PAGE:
Department for International Trade
New powers to introduce tough sanctions against individuals, organisations and foreign governments
The government unveils new plans on sanctions for post-Brexit Britain.
The government has today (Wednesday 2 August) published plans to enable post-Brexit Britain to continue to play a central role in global sanctions to combat the threats of terrorism, conflict and the proliferation of nuclear weapons. Proposals include additional powers to cut off funding for terrorists by making it easier to freeze assets and block access to bank accounts.
The Sanctions Bill would ensure the UK has the necessary legal powers to implement sanctions after Brexit, as well as greater flexibility in choosing when and how to introduce new measures. The UK will also continue to play a central role in negotiating global sanctions as a member of the UN Security Council.
At the moment, the UK implements over 30 sanctions regimes, including those against Russia, North Korea, Iran, Daesh and Al Qaida.
The government’s response to the 9-week public consultation of these new powers is to:
- Create new powers to impose, implement and enforce sanctions regimes, drawing on the current EU model
- Introduce an annual review of regimes to ensure that they remain appropriate
- Ensure individuals and organisations can challenge any sanctions imposed on them
- Enable the government to issue exemptions when needed, for example in delivering humanitarian aid in regions affected by sanctions; and
- Make it easier to stop suspected terrorists from accessing their money
The UK currently negotiates and imposes non-UN sanctions against specific countries through EU laws. This Bill will repatriate powers on non-UN sanctions from Brussels, reflecting and building on the measures that the UK currently has under EU law.
Minister for Europe Rt Hon Sir Alan Duncan MP said:
The new Sanctions Bill will ensure that when the UK leaves the European Union, we retain the ability to impose, update and lift sanctions regimes, both to comply with our international obligations and in pursuit of our foreign policy and national security objectives.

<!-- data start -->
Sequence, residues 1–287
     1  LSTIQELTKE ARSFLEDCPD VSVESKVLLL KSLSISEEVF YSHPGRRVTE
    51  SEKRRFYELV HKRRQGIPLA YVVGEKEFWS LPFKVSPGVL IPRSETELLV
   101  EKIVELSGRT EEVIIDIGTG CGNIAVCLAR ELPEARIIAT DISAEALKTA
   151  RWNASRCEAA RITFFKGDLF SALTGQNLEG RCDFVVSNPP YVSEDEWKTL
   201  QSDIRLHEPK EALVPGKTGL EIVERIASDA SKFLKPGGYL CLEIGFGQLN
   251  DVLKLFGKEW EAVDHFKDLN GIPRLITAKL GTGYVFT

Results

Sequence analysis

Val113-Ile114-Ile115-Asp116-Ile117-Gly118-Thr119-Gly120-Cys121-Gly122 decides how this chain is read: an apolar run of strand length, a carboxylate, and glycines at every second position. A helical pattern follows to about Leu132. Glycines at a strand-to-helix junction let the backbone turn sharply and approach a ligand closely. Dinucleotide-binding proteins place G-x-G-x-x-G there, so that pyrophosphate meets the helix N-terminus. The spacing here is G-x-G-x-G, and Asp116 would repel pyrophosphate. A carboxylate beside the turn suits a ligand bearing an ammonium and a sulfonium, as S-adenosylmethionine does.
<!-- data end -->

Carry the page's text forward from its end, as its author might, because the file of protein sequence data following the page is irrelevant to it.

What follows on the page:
This will enable us to impose sanctions as appropriate either alone or with partners in the EU and around the world, to take targeted action against countries, organisations and individuals who contravene international law, commit or finance terrorism or threaten international peace and security.
The government’s proposed plans will also make it easier to freeze a suspected terrorist’s bank accounts and stop them making money from their assets, such as selling their house or car.
At the moment, to freeze a person’s assets, the government must reasonably believe that the person is, or has been, involved in terrorism, and that freezing their assets is necessary to protect the public.
The new proposals would make it easier to stop suspected terrorists in their tracks as the government would only need to have reasonable grounds to suspect the person or group is or has been involved in terrorism and that sanctions are an appropriate action.
This is important given the evolving nature of terrorism. Terrorists are now causing significant damage using very small amounts of funds and resources.
The Economic Secretary to the Treasury Stephen Barclay said:
These new powers will help us keep the British public safer from terrorist attacks by keeping money out of the hands of those wishing to cause us harm.
Our counter terrorist financing proposals will make it easier for law enforcement and government to impose sanctions on those that present a threat to our national or international security.
These powers will help us continue to lead the global fight against Daesh and form part of the review of Britain’s counter terrorism strategy announced in the Prime Minister’s speech in June.
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